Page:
• One time I heard over the radio on the news that a person was arrested for engaging in sex with a female dog. Even though he was still in the human realm, he got “born” in the “dog bhava” for a while. Since he willingly does that, he will likely be born a dog at death. This is a good example for both “pavutti kamma bhava” and “uppatti kamma bhava.”
  • This is also a good example of how one can become morally blind (kāmaccandha nivarana) when greed or lust rises to a high level.

9. One thing that should have become clear is that even if we do not do any immoral deeds, we are bound to be reborn in the kāma lōka (sense realms of the four apāyās and the human and Deva realms) as long as we crave sense pleasures. But such sensual cravings, by themselves, do not lead to birth in the apāyās; birth in the apāyās is due to apunnābhisaṅkhāra or immoral saṅkhāra (see #5 above).

  • As long as we like sense pleasures (and do not realize the dangers in them), we will have “kāma gati,” and thus we will have “kāma bhava,” i.e., we will keep generating both good and bad kamma bīja that belong to the kāma bhava.
  • So, what are the dangers of remaining in kāma lōka? Even though we may not do immoral deeds in this birth (because of our circumstances of being born in a good family, good country, etc.), we are bound to be reborn in a bad environment where we may have to do immoral deeds to survive. Then we will make kamma bīja suitable for rebirth in the apāyās.
  • We all likely already have such bad kamma bīja because we have no idea what kind of deeds we have done in our past lives.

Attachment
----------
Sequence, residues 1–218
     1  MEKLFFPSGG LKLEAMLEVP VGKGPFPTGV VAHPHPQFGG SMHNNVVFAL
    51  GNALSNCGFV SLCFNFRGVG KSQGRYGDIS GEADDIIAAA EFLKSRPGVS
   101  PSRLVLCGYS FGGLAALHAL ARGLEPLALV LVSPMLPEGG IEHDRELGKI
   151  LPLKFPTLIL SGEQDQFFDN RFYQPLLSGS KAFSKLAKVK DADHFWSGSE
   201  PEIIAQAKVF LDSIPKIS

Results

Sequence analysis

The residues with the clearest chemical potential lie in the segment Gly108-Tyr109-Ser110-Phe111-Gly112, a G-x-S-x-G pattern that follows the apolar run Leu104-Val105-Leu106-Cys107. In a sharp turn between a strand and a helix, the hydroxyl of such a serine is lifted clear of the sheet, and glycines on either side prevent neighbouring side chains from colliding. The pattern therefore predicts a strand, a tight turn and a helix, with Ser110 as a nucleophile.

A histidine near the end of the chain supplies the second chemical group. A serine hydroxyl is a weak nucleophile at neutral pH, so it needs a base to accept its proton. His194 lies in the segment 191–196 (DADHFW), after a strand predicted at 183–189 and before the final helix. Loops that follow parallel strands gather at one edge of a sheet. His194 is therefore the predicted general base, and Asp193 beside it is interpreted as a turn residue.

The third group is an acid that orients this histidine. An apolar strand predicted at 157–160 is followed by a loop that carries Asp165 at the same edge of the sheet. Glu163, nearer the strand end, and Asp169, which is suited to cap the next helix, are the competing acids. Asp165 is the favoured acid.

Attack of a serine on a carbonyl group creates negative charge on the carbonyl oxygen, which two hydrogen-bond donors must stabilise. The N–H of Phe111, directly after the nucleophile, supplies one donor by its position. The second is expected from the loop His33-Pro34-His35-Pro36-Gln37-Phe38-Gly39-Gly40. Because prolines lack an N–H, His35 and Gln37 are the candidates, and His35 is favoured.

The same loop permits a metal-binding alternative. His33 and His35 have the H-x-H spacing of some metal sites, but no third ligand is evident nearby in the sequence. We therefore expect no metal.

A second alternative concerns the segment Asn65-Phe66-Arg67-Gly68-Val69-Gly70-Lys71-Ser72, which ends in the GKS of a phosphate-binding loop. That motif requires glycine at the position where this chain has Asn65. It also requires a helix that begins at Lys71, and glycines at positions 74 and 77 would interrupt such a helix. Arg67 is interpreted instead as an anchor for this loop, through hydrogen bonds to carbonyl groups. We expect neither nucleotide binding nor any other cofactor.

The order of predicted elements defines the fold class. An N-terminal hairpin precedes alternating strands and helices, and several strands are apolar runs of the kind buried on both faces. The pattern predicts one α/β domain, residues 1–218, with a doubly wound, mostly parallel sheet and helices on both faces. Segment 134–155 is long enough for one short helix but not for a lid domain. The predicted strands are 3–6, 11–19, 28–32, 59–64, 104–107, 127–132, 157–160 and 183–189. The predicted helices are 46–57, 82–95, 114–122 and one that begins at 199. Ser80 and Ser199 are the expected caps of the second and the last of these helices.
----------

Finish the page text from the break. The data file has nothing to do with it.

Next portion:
10. The mundane way to escape from the kāma lōka is to cultivate anariya jhānās (either rūpa jhānās or arūpa jhānās) and seek rebirth in rūpa or arūpa lōka. But the problem is even then, we will not be “really free” from rebirth in the kāma lōka in the future. This is because after the kammic energy of that rūpa bhava or arūpa bhava is worn out, that anariya person will be reborn in kāma lōka again.

  • This is why the Buddha admonished the bhikkhus to strive hard to attain at least the Sōtapanna stage of Nibbāna. He said if we knew the dangers of rebirth in the kāma lōka, we would make haste like a person who will try to find a way to put out a fire that is engulfing oneself.
  • Some people think these are depressing thoughts. But the facts cannot be avoided by not thinking about them. When one realizes the true nature of this world and makes some progress to be free from that predicament, one will start feeling relieved and happy; this is the nirāmisa sukha of Nibbāna.

11. Generally, as we have referred to before, “bhava” means existence somewhere in “this world.” It is even better to say that “bhava” means the “potential for existence” somewhere “in this world of 31 realms”.